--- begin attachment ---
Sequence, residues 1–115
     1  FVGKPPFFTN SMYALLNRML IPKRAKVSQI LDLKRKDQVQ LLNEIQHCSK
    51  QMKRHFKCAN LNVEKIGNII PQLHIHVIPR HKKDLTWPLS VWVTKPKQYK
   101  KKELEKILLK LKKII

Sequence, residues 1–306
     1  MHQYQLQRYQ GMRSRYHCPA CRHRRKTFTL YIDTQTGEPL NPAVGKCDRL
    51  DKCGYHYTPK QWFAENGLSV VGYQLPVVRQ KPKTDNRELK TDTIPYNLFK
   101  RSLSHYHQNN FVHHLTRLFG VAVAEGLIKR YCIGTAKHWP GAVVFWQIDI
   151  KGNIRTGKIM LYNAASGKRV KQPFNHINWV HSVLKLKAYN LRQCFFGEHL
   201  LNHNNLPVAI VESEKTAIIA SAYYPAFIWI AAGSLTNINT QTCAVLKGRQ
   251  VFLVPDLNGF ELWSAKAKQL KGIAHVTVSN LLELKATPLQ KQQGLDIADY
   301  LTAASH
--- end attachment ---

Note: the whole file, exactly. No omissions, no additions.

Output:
Sequence, residues 1–115
     1  FVGKPPFFTN SMYALLNRML IPKRAKVSQI LDLKRKDQVQ LLNEIQHCSK
    51  QMKRHFKCAN LNVEKIGNII PQLHIHVIPR HKKDLTWPLS VWVTKPKQYK
   101  KKELEKILLK LKKII

Sequence, residues 1–306
     1  MHQYQLQRYQ GMRSRYHCPA CRHRRKTFTL YIDTQTGEPL NPAVGKCDRL
    51  DKCGYHYTPK QWFAENGLSV VGYQLPVVRQ KPKTDNRELK TDTIPYNLFK
   101  RSLSHYHQNN FVHHLTRLFG VAVAEGLIKR YCIGTAKHWP GAVVFWQIDI
   151  KGNIRTGKIM LYNAASGKRV KQPFNHINWV HSVLKLKAYN LRQCFFGEHL
   201  LNHNNLPVAI VESEKTAIIA SAYYPAFIWI AAGSLTNINT QTCAVLKGRQ
   251  VFLVPDLNGF ELWSAKAKQL KGIAHVTVSN LLELKATPLQ KQQGLDIADY
   301  LTAASH